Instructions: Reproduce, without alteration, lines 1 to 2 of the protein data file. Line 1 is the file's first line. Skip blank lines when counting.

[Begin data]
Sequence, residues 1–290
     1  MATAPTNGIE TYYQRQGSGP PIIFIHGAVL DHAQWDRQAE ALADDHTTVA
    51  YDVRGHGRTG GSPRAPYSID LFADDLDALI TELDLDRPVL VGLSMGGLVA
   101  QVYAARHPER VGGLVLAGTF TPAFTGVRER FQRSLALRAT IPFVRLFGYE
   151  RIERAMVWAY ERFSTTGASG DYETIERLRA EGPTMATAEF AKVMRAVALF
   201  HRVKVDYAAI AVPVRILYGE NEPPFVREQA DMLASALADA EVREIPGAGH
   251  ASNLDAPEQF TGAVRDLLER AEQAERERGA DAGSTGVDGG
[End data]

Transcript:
Sequence, residues 1–290
     1  MATAPTNGIE TYYQRQGSGP PIIFIHGAVL DHAQWDRQAE ALADDHTTVA